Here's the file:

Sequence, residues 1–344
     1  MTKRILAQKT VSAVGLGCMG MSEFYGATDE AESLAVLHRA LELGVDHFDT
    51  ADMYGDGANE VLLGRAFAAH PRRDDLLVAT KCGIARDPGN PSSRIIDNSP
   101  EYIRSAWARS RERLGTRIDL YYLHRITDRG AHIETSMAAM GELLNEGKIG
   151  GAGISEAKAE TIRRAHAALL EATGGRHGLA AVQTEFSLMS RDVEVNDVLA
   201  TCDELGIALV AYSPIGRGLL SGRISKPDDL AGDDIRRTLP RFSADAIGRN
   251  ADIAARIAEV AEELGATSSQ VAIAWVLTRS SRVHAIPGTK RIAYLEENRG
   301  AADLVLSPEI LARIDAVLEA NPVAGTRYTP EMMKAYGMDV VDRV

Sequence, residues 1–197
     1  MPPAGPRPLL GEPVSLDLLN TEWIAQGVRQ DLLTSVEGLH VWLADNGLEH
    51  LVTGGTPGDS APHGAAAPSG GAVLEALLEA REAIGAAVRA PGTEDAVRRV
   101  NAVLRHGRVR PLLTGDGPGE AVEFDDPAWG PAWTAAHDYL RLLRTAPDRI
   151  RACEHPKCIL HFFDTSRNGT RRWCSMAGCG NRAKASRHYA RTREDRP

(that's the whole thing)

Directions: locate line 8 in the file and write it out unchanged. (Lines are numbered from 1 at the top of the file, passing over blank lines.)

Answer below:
   301  AADLVLSPEI LARIDAVLEA NPVAGTRYTP EMMKAYGMDV VDRV